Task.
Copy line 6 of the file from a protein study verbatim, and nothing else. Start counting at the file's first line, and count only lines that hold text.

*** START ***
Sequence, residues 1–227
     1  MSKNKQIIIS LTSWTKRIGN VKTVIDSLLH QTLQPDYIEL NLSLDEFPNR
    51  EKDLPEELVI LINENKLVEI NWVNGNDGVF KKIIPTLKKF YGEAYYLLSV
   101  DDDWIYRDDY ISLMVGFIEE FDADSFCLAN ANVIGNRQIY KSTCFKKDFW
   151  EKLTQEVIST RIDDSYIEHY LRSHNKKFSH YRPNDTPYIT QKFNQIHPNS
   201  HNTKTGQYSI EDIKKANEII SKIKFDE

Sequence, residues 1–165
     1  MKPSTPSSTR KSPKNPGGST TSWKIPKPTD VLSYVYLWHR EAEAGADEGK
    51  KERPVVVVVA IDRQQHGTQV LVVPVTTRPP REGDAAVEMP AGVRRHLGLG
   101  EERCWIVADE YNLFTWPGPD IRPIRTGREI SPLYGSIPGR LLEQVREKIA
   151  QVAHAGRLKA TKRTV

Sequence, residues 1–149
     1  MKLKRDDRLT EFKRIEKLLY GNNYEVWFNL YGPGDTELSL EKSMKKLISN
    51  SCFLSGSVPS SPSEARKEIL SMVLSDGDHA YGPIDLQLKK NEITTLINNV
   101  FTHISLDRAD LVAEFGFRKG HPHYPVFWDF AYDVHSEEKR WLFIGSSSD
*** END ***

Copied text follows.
   201  HNTKTGQYSI EDIKKANEII SKIKFDE